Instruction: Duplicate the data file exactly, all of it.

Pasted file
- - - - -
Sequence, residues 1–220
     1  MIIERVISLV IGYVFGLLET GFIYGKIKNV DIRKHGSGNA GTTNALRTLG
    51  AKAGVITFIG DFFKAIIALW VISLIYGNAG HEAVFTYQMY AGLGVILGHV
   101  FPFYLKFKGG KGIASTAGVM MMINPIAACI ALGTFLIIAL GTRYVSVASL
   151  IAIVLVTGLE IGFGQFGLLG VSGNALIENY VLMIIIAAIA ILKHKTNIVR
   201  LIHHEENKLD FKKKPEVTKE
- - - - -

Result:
Sequence, residues 1–220
     1  MIIERVISLV IGYVFGLLET GFIYGKIKNV DIRKHGSGNA GTTNALRTLG
    51  AKAGVITFIG DFFKAIIALW VISLIYGNAG HEAVFTYQMY AGLGVILGHV
   101  FPFYLKFKGG KGIASTAGVM MMINPIAACI ALGTFLIIAL GTRYVSVASL
   151  IAIVLVTGLE IGFGQFGLLG VSGNALIENY VLMIIIAAIA ILKHKTNIVR
   201  LIHHEENKLD FKKKPEVTKE